Woolly mammoths in Birkenstocks

Knowing that the woolly mammoth is my primary totem animal, Anneli Meyer Korn has pointed me to this little slice of the University District in Seattle:

(#1) The Woolly Mammoth shoe store, 4303 University Way NE, Seattle, WA 98105: “Comfortable, high quality, good-looking shoes and excellent customer service”

And from Wikipedia, on the excellent qualities of Mammuthus primigenius, the original woolly mammoth:

The woolly mammoth coexisted with early humans, who used its bones and tusks for making art, tools, and dwellings, and hunted the species for food.

M. primigenius provided humans with comfort, offering up its huge bones  to form into shelter, and beauty, in ivory carvings. Plus useful tools and life-sustaining meat. The Woolly Mammoth store’s shoes provide comfort and good looks, but can they be used as needles or stave off hunger? I thought not.

Still, those are damn fine shoes. Especially the Birkenstocks:

(#2) The store’s interior, Birkenstocks on your right

About the store, from its website:

The Woolly Mammoth was established in Seattle’s University District in 1970 by Pat Andre as a custom leather shop. Since then, the store has evolved into Seattle’s premium comfort shoe store. … The Woolly Mammoth is a well-known Seattle icon, providing top of the line footwear and accessories for men and women, suitable for the Northwest lifestyle.

(#3) The store’s logo

I’ll get back to the Birkis in a moment. Now comes the

totem-animal interlude. My first totem animal was the anteater, from Johnny Hart’s B.C. comic; my college nickname was Zot. Z for Zwicky, Z for zot, as in ant-slurping. Not a big thing, and fairly short-lived, but I do think anteaters are cool, and, yes, I secretly enjoyed the raunchy fellatial undertones. (Later, Zot provided the basis for a pseudonym on the net: zotling, the Zot of linguistics. Or a young male Zot, take your pick.)

After the anteater came the penguin, which eventually got to be a big thing, but it started pretty much by accident.

Then came a Sam Gross New Yorker cartoon — one shepherd to another, observing a M. primigenius grazing with their sheep: “As long as it’s woolly, I don’t ask questions” — that spoke to me deeply about being accepted. This was my true totem animal. (There is a Page on this blog cataloguing my mammoth postings.)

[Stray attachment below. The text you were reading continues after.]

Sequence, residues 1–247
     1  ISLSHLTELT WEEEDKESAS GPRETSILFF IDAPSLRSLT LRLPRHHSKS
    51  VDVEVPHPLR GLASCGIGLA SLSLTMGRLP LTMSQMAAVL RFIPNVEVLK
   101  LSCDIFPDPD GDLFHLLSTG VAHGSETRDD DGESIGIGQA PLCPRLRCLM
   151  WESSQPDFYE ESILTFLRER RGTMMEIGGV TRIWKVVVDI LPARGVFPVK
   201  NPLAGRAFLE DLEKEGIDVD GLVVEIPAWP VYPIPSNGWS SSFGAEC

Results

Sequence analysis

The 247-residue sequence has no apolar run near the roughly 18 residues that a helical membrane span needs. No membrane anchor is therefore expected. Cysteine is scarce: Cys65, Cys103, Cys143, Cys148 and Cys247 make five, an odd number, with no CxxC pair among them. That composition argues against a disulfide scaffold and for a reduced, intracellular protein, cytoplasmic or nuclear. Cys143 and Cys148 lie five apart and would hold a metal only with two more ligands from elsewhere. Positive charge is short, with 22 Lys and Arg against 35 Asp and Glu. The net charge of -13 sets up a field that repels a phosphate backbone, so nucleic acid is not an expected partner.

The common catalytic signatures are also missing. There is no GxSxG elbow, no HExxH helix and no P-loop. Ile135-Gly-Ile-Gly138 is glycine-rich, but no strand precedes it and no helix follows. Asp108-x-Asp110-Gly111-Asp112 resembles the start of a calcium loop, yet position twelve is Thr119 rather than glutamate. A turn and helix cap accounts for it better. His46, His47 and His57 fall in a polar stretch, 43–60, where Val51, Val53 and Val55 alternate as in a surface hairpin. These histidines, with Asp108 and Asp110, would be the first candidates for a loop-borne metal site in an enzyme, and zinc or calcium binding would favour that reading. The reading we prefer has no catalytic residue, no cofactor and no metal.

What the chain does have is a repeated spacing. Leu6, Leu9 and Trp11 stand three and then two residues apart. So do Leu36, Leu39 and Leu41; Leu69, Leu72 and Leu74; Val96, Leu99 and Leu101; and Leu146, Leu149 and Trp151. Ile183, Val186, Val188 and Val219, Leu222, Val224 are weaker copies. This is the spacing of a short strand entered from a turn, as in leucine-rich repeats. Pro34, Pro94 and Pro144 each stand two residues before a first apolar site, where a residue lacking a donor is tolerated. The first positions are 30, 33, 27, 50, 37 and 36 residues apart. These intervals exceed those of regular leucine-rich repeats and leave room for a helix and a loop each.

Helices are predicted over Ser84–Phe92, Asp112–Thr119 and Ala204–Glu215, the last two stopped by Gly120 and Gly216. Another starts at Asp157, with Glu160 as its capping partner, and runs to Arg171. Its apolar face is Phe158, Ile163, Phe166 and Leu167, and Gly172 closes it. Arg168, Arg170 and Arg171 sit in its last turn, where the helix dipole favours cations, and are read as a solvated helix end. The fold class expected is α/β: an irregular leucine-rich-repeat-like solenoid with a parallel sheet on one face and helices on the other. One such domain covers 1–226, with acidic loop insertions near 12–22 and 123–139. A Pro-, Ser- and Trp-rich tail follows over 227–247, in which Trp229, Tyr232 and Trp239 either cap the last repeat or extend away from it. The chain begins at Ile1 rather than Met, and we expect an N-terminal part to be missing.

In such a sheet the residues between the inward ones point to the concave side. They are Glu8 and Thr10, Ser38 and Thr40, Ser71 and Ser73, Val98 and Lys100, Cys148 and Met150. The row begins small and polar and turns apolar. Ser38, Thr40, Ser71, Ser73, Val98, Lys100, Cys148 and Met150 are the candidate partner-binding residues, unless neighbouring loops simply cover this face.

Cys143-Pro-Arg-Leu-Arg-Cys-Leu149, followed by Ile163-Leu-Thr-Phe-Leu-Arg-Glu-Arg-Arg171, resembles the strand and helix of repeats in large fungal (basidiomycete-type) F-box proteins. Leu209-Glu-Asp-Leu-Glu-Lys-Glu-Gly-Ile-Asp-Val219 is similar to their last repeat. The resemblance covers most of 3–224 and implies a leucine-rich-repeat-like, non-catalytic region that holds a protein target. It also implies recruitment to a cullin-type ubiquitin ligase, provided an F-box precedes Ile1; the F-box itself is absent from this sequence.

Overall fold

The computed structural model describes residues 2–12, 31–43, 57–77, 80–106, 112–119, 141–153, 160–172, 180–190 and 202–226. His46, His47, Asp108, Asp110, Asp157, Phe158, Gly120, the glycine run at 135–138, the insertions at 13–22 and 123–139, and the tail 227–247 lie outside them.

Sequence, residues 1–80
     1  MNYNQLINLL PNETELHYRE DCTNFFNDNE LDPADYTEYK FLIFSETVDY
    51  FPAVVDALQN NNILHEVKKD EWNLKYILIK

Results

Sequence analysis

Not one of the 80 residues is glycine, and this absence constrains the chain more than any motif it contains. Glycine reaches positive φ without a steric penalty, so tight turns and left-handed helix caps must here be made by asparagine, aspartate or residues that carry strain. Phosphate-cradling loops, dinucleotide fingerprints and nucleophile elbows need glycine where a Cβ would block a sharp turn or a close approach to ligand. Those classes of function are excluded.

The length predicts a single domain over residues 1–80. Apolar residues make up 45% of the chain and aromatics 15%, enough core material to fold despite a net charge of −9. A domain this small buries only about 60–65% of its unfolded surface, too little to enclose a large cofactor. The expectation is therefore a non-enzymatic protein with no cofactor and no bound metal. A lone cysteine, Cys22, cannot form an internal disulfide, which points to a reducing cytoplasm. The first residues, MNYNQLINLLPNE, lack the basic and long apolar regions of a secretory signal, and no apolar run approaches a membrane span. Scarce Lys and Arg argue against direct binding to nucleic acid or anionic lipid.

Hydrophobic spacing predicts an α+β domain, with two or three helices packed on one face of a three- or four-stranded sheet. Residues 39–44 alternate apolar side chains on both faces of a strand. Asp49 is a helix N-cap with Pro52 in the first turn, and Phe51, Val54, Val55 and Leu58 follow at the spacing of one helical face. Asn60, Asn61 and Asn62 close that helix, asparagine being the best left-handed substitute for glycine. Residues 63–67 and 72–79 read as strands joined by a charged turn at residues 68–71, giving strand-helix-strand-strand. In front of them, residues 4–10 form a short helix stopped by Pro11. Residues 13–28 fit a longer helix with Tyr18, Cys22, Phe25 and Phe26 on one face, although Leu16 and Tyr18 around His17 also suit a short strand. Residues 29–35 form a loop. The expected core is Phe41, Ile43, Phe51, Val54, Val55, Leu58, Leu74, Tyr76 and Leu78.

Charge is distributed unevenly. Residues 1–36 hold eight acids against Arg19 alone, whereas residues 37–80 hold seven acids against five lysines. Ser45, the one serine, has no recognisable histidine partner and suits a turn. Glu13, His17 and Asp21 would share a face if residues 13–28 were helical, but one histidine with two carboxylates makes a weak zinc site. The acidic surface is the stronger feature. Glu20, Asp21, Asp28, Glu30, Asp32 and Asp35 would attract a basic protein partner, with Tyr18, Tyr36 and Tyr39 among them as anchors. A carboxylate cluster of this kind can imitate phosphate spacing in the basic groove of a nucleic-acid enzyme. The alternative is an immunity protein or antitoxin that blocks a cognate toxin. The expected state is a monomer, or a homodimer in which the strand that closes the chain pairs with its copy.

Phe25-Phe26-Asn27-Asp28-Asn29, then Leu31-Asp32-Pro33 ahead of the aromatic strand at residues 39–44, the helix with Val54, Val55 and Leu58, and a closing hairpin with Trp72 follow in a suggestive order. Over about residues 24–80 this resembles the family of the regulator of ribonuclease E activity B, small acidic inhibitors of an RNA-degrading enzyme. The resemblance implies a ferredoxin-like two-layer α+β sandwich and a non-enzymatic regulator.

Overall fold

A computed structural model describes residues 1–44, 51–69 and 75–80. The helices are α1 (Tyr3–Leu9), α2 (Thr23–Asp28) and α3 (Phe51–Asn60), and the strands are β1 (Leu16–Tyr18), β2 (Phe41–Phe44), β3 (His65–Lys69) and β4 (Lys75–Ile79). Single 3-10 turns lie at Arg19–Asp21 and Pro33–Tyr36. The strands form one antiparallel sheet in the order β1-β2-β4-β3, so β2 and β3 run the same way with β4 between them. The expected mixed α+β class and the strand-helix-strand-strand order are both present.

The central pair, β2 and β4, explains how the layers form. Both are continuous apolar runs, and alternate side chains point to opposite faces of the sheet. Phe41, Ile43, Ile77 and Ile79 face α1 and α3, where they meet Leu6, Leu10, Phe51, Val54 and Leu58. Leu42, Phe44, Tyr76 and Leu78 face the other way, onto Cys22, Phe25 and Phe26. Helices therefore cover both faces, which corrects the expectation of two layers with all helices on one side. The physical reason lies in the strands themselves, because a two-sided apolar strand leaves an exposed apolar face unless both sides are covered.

But the Birkis ‘Birkenstock sandals’. From Wikipedia:

Birkenstock Group … is a German shoe manufacturer known for its production of Birkenstocks, a German brand of sandals and other shoes notable for their contoured cork footbeds (soles) made with layers of suede and jute, which conform somewhat to the shape of their wearers’ feet.

Founded in 1774 by Johann Adam Birkenstock and headquartered in Neustadt (Wied), Rhineland-Palatinate, Germany, the company’s original purpose was to create shoes that support and contour the foot, compared to the flat soles of many shoes during that time. In 1896 the Fussbett (footbed) was created and by 1925 Birkenstocks were sold all over Europe.

In 1966, Margot Fraser first brought Birkenstocks to America. In the US, they were sold in health stores, thus becoming associated with hippies in the 1970s.

Then, thanks to their comfort and durability, and their not catering to the male gaze, they became a lesbian stereotype in the 1970s through the 1990s.

And now they’re back. From the Pride website, “14 Reasons Every Lesbian Should Own A Pair Of Birkenstocks”, by Briana Gonzalez on 8/13/15:

(#4) Traditional and fashionable Birkis (from the Pride site)

They do say that everything in fashion comes back around (like high waists, straight leg pants, platform shoes, etc.) but pretty much no one could have predicted that Birkenstocks were going to make a comeback. And say what you will about these iconic dyke shoes, but they are amazing, and we’re SO happy they’re back. Every lesbian needs a pair.


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